Treating Coprophagia In Your Dog
Does your dog grab a few gobbles of the poop he finds on walks? Don’t panic! This is actually pretty normal behavior. Like many mammals, dogs will occasionally eat poop (a habit known as coprophagia), although nobody is 100% sure why they do it. One thing we do know is that it’s a disgusting habit. So if you want to stop your dog from practicing coprophagia, we’re here to help.
What Is Coprophagia In Dogs?
If you have a sensitive nature, skip past this bit...
Coprophagia is the medical name for dogs eating poop. They will eat their own, or sometimes they’ll eat poop from other dogs, cats, foxes, cows or horses (cattle poop seems to be particularly appetizing to dogs!).
(Side note: I have never typed “poop” so many times...)
Is it a cause for concern? Yes, it is: eating faeces means your dog can pick up worms, salmonella or E.coli. Some of these can be passed on to humans in the family, who can suffer quite serious symptoms. Dung from cattle or horses (herbivores) is less risky. But, whether your dog chows down on its own faeces or enjoys the occasional horse “poopsicle”, it is difficult for us humans to feel comfortable about this horrifying hobby!
So you’re not alone in asking:
Why, Oh Why, Do Dogs Eat Faeces?
Did you know that rabbits, rats, hippopotami and elephants are known to eat their own droppings? It’s actually normal in the animal world and delivers important nutrients, especially for young animals who are transitioning to solid foods.
What we’re trying to say is that coprophagia is, in fact, acceptable for many mammals. We know lots of dogs who do it when they can; one study found that around 16% of dogs frequently indulge in coprophagy – with greedy dogs being the worst offenders.
So... are dogs simply eating poop because they’re hungry?
One theory is that dogs eat faeces because it’s what their ancestors did, and we know that some canine habits have persisted despite centuries of evolution. Early dogs or wolves would clear away faeces from around the den because if they didn’t, the faeces would become rife with parasitic larvae after about 48 hours. Dogs would also eat the faeces from an ill dog to prevent predators from sniffing out their weakness, and coming to attack. Cut to the modern day: new dog-moms will often clear away their pups’ poop by eating it, simply to keep the den clean.
However, coprophagia is not always this simple. It can have a more sinister cause. It’s worth checking with your vet to rule out:
- Missing nutrients in their diet. If your dog’s food is unbalanced or they need digestive aid, they might chomp on grass or faeces because they sense a deficiency. They could have a gastrointestinal disorder or inflammation, a pancreatic insufficiency, or anaemia.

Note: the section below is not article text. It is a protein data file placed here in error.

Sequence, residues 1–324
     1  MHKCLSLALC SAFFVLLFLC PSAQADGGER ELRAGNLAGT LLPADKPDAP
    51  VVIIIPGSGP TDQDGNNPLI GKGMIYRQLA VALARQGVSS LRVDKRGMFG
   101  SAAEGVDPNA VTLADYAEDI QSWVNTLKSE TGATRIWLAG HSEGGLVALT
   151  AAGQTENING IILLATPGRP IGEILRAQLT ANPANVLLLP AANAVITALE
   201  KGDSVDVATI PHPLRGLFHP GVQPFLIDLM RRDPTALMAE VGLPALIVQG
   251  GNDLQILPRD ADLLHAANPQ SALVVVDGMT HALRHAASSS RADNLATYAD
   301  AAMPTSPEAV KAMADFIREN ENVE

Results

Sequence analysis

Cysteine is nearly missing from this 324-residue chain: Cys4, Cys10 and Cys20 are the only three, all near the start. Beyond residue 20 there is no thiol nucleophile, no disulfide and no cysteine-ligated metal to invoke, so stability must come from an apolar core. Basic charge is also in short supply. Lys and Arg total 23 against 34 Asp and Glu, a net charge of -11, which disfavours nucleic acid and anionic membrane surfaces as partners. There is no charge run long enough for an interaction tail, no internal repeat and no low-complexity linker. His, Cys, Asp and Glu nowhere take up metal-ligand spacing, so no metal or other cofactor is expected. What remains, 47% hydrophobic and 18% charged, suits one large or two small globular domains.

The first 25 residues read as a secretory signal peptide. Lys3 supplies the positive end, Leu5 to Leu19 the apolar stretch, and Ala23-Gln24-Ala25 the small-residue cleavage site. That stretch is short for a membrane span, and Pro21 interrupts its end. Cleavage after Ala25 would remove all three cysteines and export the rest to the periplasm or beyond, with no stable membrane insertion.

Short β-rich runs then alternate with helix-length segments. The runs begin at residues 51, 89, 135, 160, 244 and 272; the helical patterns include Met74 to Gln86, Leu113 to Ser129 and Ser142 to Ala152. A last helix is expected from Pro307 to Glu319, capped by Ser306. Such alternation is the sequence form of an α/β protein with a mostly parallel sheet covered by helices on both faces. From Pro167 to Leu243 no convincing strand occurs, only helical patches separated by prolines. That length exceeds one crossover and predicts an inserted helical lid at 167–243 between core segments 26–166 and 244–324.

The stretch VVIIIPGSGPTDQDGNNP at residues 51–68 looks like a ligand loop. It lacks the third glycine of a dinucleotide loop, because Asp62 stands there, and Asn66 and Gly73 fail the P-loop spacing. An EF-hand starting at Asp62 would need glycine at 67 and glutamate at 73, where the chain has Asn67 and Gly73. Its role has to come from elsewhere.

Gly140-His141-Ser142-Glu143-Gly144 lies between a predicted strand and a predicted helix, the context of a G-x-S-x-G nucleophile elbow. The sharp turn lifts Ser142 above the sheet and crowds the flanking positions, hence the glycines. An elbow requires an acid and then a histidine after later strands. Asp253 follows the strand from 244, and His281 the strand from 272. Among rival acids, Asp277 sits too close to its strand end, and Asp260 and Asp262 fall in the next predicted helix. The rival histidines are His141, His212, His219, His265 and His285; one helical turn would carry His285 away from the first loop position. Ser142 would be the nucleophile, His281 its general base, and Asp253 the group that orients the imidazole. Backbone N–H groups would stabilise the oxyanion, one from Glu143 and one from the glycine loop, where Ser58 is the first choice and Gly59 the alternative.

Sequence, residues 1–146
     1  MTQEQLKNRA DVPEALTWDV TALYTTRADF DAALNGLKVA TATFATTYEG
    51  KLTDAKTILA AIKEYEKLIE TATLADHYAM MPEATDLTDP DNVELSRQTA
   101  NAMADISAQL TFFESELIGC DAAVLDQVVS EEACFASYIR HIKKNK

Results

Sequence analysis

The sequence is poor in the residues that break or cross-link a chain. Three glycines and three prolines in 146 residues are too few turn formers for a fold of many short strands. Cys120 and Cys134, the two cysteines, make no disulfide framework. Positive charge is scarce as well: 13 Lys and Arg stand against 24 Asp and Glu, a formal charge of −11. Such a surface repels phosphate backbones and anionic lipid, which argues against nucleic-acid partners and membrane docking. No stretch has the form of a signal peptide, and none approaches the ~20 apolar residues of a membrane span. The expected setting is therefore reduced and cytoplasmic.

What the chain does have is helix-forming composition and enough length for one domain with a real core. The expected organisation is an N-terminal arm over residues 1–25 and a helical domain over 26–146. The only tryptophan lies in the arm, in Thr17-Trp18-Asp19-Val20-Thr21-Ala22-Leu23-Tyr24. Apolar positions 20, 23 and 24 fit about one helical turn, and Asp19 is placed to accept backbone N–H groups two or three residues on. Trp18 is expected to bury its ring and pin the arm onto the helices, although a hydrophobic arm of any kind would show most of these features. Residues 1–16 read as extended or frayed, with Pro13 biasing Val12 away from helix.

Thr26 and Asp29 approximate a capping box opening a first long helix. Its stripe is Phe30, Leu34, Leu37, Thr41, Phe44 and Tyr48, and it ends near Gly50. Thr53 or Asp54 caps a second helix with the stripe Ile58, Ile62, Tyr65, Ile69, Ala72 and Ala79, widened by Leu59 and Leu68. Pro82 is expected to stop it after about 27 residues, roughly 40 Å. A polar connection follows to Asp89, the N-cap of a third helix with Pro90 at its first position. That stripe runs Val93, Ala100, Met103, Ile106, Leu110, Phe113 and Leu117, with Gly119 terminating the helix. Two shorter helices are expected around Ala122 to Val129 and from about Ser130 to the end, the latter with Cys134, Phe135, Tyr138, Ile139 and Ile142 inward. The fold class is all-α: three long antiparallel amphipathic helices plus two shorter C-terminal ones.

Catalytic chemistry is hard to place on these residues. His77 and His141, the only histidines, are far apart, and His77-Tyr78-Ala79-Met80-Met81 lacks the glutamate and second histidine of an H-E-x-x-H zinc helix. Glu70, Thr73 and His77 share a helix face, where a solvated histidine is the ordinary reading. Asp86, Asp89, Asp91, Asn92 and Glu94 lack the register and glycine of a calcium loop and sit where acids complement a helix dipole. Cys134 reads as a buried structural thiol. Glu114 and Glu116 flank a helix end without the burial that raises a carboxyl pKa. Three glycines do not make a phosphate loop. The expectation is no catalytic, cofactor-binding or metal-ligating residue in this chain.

- Parasites, such as tapeworm.
- A medical condition which gives your dog an increased appetite, such as diabetes, intestinal cancer, bowel inflammation, or hyperthyroidism.
- A medication which is known to increase appetite. Steroids are common offenders.
- Stress or anxiety. Dogs who are left alone or punished for excreting might consume the faeces to “clear it away”, and this means you will need to tackle the underlying problem. You can help your dog to deal with stress in many ways, including plug-in diffusers and positive training.
How Can I Stop My Dog From Eating Poop?
It’s the big question.
First, if you’re a new dog-owner, please know that puppies are more likely to eat faeces. Like human children, they’re learning about the world – and that often involves tasting everything. They’ll explore with their noses and mouths and that can have some gross results. But most pups will outgrow this habit by the time they’re a year old. Remember that only around 16% of dogs frequently eat faeces. That means 84% of dogs will hardly ever do it!
If your dog’s in that 16%, you undoubtedly want to restrict this diabolical habit. But there’s good news here, too. There are several steps you can take to prevent your dog from eating faeces – or feeling the need to eat faeces.
- Give your dog a dietary supplement. It’s doubtful whether dogs are eating faeces to fill up on nutrients – partly because poop doesn’t contain many. The more we understand the science behind our canine comparison nutritional needs, the more it’s considered a common misconception that coprophagia occurs as a result of a lacking diet. But if you suspect your dog is lacking something, why not try a supplement? We have a brilliant all-rounder called The One. It’s formulated to tackle stress and anxiety as well as digestion. So if your dog’s coprophagia stems from an internal cause or a lack of theanine (which is found in faeces), The One might help.